The new nickname makes sense in many ways—it certainly sounds better than the Rochester/Batavia/Buffalo/Lehigh Valley/Pawtucket/Syracuse Yankees. But it likely also gives the Yankees a chance to make up for some lost revenue, as the host teams will cover the expense and take any profit from hosting Scranton/Wilkes-Barre’s home dates.
While the name has collector-item appeal, the logo itself lacks creativity. It’s appears to be the same logo the team has used in previous years—the Uncle Sam stars-and-stripes top hat resting on a baseball bat behind Yankees written in cursive. The only difference is “Empire State” replaces “Scranton/Wilkes-Barre” on a banner running across the bottom.
Don Mincher, the man largely responsible for saving organized baseball in Huntsville, Ala., and who brought rare perspective to the post of league president, passed away over the weekend at the age of 73.
Mincher had served as Southern League president from the spring of 2000 until last October, when he stepped down due to health reasons and was named president emeritus. This role may have been his final post in baseball, but his first impact on the game began many years earlier.
Mincher spent 13 seasons in the majors, retiring after the 1972 season with 200 home runs, over 1,000 hits and two All-Star Game appearances. In 1965 with the Twins, Mincher homered off of Don Drysdale in his first World Series at-bat.
Mincher would earn a ring seven years later with the A’s when Oakland toppled the mighty Reds in seven games in the 1972 World Series. In his lone at-bat of the Series, Mincher drove in the tying run in the bottom of the ninth of Oakland’s 3-2 win in Game Four.
That would prove to be his final at-bat in baseball, but he returned to the game 12 years later when Double-A baseball came to his hometown of Huntsville. When hearing the news that the Huntsville Stars were being formed, Mincher offered his services to team owner Larry Schmittou, who promptly named him general manager.
Mincher would remain in the role until 1994, when he assembled a group of local owners that kept the team in town. He ultimately sold his stake of the team in 2000 when he was appointed Southern League president.
“He really was a gentleman. He always wanted to do what was right,” Minor League Baseball president Pat O’Conner said this afternoon. “I don’t know if I have seen many people exhibit the balance that Don did. He was concerned with how things affected the players, the umpires and the teams. And most importantly, he cared about how things affected the fans.”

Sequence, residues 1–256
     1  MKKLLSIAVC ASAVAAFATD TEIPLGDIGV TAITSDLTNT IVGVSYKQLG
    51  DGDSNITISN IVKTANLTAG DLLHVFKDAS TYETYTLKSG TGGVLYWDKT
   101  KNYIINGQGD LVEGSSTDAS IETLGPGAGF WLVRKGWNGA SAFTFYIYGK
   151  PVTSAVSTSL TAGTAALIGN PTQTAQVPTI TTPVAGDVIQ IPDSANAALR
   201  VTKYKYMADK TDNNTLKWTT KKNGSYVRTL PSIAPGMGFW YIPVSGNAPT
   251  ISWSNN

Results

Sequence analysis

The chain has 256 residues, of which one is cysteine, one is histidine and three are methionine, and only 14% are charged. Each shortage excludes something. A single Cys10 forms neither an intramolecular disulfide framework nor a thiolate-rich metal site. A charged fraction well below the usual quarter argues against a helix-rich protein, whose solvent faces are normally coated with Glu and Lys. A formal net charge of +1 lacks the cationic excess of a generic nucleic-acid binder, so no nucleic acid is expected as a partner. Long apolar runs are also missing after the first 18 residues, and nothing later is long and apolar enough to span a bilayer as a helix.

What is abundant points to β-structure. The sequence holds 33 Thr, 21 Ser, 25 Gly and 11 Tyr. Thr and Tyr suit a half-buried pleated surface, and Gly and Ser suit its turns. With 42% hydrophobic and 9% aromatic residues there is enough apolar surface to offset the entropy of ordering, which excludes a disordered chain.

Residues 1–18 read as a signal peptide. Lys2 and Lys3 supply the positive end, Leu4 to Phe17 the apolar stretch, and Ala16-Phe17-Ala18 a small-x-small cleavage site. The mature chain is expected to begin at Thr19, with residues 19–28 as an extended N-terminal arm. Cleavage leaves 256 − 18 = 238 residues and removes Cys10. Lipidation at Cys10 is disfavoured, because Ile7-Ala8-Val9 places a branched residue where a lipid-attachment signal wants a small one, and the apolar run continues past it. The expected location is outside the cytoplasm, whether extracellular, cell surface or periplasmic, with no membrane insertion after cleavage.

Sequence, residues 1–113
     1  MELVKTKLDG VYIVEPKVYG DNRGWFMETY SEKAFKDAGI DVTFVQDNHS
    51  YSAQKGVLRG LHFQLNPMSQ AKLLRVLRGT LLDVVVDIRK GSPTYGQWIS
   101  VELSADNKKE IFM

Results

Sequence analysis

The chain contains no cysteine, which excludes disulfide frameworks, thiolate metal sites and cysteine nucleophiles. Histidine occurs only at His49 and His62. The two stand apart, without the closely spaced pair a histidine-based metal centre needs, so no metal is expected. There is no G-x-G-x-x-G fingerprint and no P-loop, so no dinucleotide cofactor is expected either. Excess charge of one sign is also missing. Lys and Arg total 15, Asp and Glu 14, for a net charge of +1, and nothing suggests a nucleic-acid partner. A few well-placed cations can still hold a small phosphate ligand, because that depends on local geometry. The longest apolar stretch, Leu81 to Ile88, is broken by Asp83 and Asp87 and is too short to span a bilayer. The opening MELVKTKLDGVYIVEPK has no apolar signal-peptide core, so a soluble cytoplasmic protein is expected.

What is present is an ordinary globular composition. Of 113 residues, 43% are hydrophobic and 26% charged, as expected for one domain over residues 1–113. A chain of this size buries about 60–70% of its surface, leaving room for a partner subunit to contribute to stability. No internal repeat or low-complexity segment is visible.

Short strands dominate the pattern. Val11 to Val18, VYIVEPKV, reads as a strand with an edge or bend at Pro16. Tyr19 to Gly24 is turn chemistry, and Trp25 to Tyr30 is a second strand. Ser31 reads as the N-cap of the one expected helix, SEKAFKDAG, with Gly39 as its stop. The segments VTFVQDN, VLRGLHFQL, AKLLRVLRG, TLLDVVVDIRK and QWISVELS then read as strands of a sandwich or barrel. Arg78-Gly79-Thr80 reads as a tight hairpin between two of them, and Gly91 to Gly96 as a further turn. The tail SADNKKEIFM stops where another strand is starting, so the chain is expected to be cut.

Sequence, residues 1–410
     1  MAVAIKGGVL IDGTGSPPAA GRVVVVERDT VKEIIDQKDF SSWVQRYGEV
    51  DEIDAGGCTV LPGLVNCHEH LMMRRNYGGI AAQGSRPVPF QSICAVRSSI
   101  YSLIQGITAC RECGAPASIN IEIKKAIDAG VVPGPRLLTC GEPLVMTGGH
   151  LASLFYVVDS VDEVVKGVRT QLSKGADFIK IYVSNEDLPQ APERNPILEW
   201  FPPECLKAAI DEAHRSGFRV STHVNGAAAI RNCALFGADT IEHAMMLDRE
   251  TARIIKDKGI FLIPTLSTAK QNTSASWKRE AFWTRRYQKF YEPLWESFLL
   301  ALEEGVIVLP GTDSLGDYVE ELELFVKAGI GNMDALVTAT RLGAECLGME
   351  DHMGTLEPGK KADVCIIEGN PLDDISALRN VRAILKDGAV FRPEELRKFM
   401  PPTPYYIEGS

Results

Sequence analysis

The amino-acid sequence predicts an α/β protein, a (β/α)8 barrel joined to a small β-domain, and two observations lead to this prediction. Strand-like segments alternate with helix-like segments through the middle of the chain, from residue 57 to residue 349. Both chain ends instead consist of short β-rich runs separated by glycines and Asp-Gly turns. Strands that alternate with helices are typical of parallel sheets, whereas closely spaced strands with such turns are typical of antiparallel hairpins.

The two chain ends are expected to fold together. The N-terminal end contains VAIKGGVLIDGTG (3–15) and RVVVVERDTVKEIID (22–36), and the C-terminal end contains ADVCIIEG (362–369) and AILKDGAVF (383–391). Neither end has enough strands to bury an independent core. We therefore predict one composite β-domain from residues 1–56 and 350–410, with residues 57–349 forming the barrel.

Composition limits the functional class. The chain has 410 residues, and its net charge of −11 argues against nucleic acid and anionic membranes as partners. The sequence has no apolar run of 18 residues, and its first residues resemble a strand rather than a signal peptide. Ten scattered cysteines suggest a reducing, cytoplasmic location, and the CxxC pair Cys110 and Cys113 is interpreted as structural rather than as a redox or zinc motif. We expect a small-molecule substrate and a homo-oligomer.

Mincher did seem to have a keen understanding of how to run a baseball team. And he combined that with a great sense of humor. When talking to Baseball America’s Conor Glassey about the Birmingham Barons winning the Double-A Freitas Award in 2008, Mincher explained why it was so important for the Barons to focus on customer service and keep the ballpark clean.
“The one thing you want to do in minor league baseball is to keep the Mamas happy,” Mincher told Glassey. “If Mama walks in that ballpark and the bathroom is dirty, Mama isn’t coming back. Birmingham does that really well. Daddy’s going to come and bring the kids no matter what, but it’s important to keep the females happy to keep the entire family coming out to the ballpark.”
Mincher was often the cool head in gatherings at the Winter Meetings, a soft-spoken leader whose opinion was respected. “He was a guy who wouldn’t always talk a lot, but when he had things to say, people would stop and listen.”
And nearly everybody stopped to applaud at the 2010 Winter Meetings when Mincher was named King of Baseball. “He told me several times afterward how it touched his heart,” O’Conner said.
“I’m going to miss him,” O’Conner said. “I’m not supposed to have favorites, and I don’t professionally. But personally, Don was a special guy.”
Two of minor league baseball’s ballparks most in need of facelifts may soon be going under the wrecking ball.
The Bakersfield Blaze (California League) and Richmond Flying Squirrels (Eastern) each recently took a step closer to landing new or renovated ballparks, as the Blaze were sold last Friday to a local ownership group intent on keeping the team in town, and local leaders in Richmond have identified funding to contribute to a new facility.
It’s been a long road for both franchises, whose aging ballparks have threatened keeping baseball in town.
The Braves spent eight years trying to replace the Diamond in Richmond, before moving its Triple-A affiliate in 2008 out of frustration—and for the lure of a new facility—to Gwinnett, Ga. In Bakersfield, more than one owner of the Blaze has failed to replace Sam Lynn Ballpark since the early 1990s, leaving the team to play in a facility that no longer meets facility standards and is considered the worst among full-season clubs while facing rumors of a move to the Carolina League.